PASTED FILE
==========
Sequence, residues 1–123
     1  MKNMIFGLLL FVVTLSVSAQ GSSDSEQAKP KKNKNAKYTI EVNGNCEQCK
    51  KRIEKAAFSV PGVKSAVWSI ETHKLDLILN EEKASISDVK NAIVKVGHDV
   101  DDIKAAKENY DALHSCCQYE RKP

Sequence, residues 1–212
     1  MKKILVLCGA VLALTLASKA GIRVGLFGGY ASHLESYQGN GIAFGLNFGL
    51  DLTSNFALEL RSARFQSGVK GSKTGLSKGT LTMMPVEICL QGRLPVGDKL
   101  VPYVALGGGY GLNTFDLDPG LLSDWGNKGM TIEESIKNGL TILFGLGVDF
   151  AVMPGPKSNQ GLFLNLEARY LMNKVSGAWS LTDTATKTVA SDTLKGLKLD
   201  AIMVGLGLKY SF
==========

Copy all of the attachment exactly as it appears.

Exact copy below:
Sequence, residues 1–123
     1  MKNMIFGLLL FVVTLSVSAQ GSSDSEQAKP KKNKNAKYTI EVNGNCEQCK
    51  KRIEKAAFSV PGVKSAVWSI ETHKLDLILN EEKASISDVK NAIVKVGHDV
   101  DDIKAAKENY DALHSCCQYE RKP

Sequence, residues 1–212
     1  MKKILVLCGA VLALTLASKA GIRVGLFGGY ASHLESYQGN GIAFGLNFGL
    51  DLTSNFALEL RSARFQSGVK GSKTGLSKGT LTMMPVEICL QGRLPVGDKL
   101  VPYVALGGGY GLNTFDLDPG LLSDWGNKGM TIEESIKNGL TILFGLGVDF
   151  AVMPGPKSNQ GLFLNLEARY LMNKVSGAWS LTDTATKTVA SDTLKGLKLD
   201  AIMVGLGLKY SF